The ADA Regulations define major life activities as "functions such as caring for oneself, performing manual tasks, walking, seeing, hearing, speaking, breathing, learning, and working." 29 C.F.R. § 1630.2(I).
The Court is unable to consider any of these factors in this case, however, because plaintiff does not explain the extent to which her "stress-related condition" affects her performance of any major life activity. The most severe impact the Court can glean from the record is that plaintiff's condition caused her to suffer stress, or experience some sort of "stress reaction", when she thought about going to work and interacting with members of defendant's management. ( See Paleologos Depo. at 33.) The Court assumes that plaintiff is alleging that her condition substantially limited her performance of the major life activity of working. An individual is not substantially limited in the major life activity of working for purposes of the ADA, however, unless he is significantly restricted in his ability to perform either a class of jobs or a broad range of jobs within various classes. Gordon v. E.L. Hamm Assoc., 100 F.3d 907, 911-912 (11th Cir. 1996); Dewitt v. Carsten, 941 F. Supp. 1232 (N.D.Ga. 1996) (Carnes, J.), aff'd, 122 F.3d 1079 (11th Cir. 1997). Plaintiff cannot demonstrate that she is so limited.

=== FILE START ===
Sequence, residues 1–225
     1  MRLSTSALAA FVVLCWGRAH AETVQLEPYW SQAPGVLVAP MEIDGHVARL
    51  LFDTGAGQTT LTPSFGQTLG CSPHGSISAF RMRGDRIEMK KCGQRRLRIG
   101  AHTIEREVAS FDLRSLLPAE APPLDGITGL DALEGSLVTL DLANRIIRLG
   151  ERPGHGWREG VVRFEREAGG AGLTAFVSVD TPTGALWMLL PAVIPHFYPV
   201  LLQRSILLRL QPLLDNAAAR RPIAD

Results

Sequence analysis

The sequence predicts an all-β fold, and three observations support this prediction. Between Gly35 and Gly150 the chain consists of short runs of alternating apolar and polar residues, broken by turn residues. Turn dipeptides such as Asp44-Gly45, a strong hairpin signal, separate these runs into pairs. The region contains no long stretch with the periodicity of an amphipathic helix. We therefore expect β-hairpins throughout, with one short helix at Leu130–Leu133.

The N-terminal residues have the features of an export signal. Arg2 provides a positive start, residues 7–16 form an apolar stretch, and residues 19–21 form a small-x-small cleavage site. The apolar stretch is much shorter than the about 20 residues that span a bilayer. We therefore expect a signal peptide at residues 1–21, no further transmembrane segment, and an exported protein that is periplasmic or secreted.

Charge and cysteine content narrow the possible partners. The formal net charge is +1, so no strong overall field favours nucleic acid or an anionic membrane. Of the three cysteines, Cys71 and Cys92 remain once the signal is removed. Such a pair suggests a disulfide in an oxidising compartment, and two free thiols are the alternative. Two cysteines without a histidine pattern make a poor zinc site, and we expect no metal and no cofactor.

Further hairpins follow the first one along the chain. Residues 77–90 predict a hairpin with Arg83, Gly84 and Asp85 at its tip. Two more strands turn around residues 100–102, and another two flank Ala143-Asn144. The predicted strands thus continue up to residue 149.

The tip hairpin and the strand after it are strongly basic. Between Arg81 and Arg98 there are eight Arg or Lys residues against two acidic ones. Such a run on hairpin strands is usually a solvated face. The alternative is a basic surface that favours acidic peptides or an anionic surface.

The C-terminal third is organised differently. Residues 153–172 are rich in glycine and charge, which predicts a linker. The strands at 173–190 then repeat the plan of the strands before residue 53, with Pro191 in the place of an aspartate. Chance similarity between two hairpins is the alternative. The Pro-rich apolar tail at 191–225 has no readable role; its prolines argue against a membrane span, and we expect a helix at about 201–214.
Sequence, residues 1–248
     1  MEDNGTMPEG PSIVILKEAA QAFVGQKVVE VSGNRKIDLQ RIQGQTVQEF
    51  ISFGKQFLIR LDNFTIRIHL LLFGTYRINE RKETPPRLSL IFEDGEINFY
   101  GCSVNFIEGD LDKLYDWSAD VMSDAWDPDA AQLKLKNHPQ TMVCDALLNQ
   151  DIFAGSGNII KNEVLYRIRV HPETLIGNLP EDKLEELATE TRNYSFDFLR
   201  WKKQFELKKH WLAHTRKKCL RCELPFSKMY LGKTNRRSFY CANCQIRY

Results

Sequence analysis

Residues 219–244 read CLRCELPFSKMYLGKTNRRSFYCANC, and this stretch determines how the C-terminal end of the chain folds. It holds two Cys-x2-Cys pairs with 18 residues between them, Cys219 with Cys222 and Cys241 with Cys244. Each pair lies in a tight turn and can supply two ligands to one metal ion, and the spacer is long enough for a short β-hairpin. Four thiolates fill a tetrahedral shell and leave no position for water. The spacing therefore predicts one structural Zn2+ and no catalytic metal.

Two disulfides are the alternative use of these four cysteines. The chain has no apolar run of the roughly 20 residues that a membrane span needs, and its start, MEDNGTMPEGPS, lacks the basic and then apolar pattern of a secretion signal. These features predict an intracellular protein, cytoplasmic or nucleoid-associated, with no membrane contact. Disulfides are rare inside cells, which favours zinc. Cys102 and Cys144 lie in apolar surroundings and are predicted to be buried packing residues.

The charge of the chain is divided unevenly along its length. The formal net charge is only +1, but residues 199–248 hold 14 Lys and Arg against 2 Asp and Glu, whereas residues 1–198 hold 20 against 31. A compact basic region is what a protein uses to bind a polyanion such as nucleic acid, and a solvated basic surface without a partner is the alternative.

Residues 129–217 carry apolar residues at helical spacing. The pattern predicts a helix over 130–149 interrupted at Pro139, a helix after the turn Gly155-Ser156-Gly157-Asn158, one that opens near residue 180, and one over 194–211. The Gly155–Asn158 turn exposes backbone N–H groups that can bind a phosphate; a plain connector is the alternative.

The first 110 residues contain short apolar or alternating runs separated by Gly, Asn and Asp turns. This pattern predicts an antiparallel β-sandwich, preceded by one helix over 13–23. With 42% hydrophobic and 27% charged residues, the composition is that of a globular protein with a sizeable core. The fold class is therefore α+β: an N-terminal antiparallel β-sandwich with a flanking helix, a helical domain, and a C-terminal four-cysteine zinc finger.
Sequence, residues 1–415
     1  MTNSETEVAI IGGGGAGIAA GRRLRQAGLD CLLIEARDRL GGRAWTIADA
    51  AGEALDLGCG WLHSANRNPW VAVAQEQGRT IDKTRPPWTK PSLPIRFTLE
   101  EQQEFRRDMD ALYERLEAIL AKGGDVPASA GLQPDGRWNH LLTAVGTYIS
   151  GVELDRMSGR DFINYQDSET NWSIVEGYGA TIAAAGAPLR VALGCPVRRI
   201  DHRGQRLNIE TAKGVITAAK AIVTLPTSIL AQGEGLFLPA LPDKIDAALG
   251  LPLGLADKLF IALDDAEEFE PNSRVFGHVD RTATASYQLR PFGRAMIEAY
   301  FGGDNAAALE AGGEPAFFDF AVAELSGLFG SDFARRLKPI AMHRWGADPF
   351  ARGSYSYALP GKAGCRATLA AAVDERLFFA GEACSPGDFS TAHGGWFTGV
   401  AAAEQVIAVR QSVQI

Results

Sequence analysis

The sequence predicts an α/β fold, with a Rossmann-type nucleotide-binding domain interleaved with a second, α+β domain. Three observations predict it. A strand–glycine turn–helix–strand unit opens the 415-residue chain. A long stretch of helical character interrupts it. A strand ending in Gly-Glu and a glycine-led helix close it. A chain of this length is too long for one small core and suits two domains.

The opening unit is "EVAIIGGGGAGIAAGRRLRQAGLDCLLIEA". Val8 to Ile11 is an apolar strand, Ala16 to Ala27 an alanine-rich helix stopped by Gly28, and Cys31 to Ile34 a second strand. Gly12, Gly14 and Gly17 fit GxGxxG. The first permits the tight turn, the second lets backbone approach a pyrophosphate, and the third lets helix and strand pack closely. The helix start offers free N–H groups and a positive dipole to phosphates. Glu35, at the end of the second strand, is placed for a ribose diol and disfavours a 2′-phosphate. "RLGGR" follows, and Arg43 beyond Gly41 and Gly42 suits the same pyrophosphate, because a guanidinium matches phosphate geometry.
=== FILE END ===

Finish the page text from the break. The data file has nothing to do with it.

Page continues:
Plaintiff's claim that she is disabled by her stress-related condition is similar to the claim that this Court recently considered in Dewitt. The plaintiff in Dewitt, who was employed as a jailhouse deputy, argued that she was disabled due to the stress she experienced from interacting with prison inmates, as well as her supervisor, the Sheriff. Dewitt, 941 F. Supp. at 1236. Noting that an impairment does not rise to the level of a disability under the ADA unless it substantially limits a major life activity, this Court rejected plaintiff's argument that she was substantially limited in the activity of working where her condition only restricted her performance of one job — that of a jailhouse deputy. Id. The Court concluded that plaintiff's job-induced stress did not constitute a disability under the ADA. Id. Likewise, plaintiff's stress condition, apparently triggered by the mere thought of interaction with defendant's management and work, in general, does not constitute a disability under the ADA.